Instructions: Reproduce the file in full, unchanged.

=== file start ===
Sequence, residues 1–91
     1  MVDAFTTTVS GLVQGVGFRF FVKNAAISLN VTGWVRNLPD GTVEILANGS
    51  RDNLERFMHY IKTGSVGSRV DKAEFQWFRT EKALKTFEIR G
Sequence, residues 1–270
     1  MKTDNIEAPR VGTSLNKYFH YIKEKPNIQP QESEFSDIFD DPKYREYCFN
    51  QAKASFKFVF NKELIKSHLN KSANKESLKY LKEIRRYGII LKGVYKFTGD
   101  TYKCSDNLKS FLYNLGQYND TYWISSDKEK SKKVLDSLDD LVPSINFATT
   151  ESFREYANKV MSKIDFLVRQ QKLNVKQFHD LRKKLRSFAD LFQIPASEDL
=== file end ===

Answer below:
Sequence, residues 1–91
     1  MVDAFTTTVS GLVQGVGFRF FVKNAAISLN VTGWVRNLPD GTVEILANGS
    51  RDNLERFMHY IKTGSVGSRV DKAEFQWFRT EKALKTFEIR G
Sequence, residues 1–270
     1  MKTDNIEAPR VGTSLNKYFH YIKEKPNIQP QESEFSDIFD DPKYREYCFN
    51  QAKASFKFVF NKELIKSHLN KSANKESLKY LKEIRRYGII LKGVYKFTGD
   101  TYKCSDNLKS FLYNLGQYND TYWISSDKEK SKKVLDSLDD LVPSINFATT
   151  ESFREYANKV MSKIDFLVRQ QKLNVKQFHD LRKKLRSFAD LFQIPASEDL